House Democrats lose bid to block Trump's wall-funding plan

A border fence between the US and Mexico seen on June 1, 2019, in El Paso, Texas.
A border fence between the US and Mexico seen on June 1, 2019, in El Paso, Texas.PHOTO: AFP

WASHINGTON (BLOOMBERG) - House Democrats failed to block President Donald Trump's plan to fund his southern US border wall with about US$6.1 billion (S$8.3 billion) Congress had allocated for other purposes.

US District Judge Trevor McFadden in Washington ruled on Monday (June 3) that he lacks jurisdiction to consider the dispute.

McFadden, a Trump appointee, had expressed wariness of the lawmakers' arguments at a May 23 hearing.

"This is a case about whether one chamber of Congress has the 'constitutional means' to conscript the judiciary in a political turf war with the president" about the implementation of legislation, McFadden wrote on Monday.

Agreeing with a Justice Department lawyer's defence of the administration, the judge concluded he couldn't get involved in the fight.

"While the Constitution bestows upon members of the House many powers, it does not grant them standing to haul the executive branch into court claiming a dilution of Congress's legislative authority," McFadden wrote.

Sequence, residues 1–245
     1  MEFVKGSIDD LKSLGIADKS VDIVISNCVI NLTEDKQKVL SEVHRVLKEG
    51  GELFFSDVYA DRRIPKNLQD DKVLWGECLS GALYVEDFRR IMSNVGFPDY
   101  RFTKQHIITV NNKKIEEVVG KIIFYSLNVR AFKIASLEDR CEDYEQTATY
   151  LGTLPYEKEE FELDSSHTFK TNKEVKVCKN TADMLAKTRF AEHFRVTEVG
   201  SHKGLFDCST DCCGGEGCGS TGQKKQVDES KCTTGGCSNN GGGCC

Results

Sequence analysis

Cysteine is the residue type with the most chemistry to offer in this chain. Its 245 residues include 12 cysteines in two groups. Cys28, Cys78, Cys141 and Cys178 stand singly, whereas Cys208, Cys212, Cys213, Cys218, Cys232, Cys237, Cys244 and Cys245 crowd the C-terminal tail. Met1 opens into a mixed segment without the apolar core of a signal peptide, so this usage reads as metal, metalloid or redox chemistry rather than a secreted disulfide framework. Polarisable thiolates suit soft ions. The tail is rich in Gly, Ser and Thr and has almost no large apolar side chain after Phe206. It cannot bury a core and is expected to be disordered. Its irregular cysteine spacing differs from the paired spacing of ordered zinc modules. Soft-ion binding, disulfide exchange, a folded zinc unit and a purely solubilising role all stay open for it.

The 24-page ruling and accompanying order disposing of the case can be immediately appealed. Hakeem Jeffries, the New York congressman who chairs the Democratic caucus, said House leaders had not yet been briefed on the outcome.

 
 
 

A spokesman for Speaker Nancy Pelosi said the House is reviewing its options, including whether to appeal. The Justice Department lauded the ruling.

"The House of Representatives cannot ask the judiciary to take its side in political disputes and cannot use federal courts to accomplish through litigation what it cannot achieve using the tools the Constitution gives to Congress," according to Justice Department statement.

The ruling snaps a string of decisions against the president. They include two federal court decisions enabling congressional committees to look into his business records and a California federal judge's order blocking construction of some parts of the border wall.

A coalition of 20 states and conservation groups has asked that same judge to consider an expanded prohibition on wall construction using reallocated funds. A hearing is scheduled for Wednesday.

The lawmakers filed suit on April 5, contending the president had effectively done an end run around their denial of his request for more than US$5.7 billion to construct his long-sought barrier along the US-Mexico border. After a record 35-day partial shutdown of the federal government, Congress appropriated US$1.4 billion for wall construction. The president signed that legislation, then declared a national emergency he said empowered him to tap other funds.

"We cannot have the president appropriating money," House lawyer Douglas Letter told McFadden during the nearly three-hour hearing last month.

That power, he said, is reserved to Congress under the Constitution and goes to "the very heart" of its system of checks and balances.

Justice Department lawyer James Burnham countered that the Constitution made no provision for one branch of the federal government to sue another in a fight refereed by the third.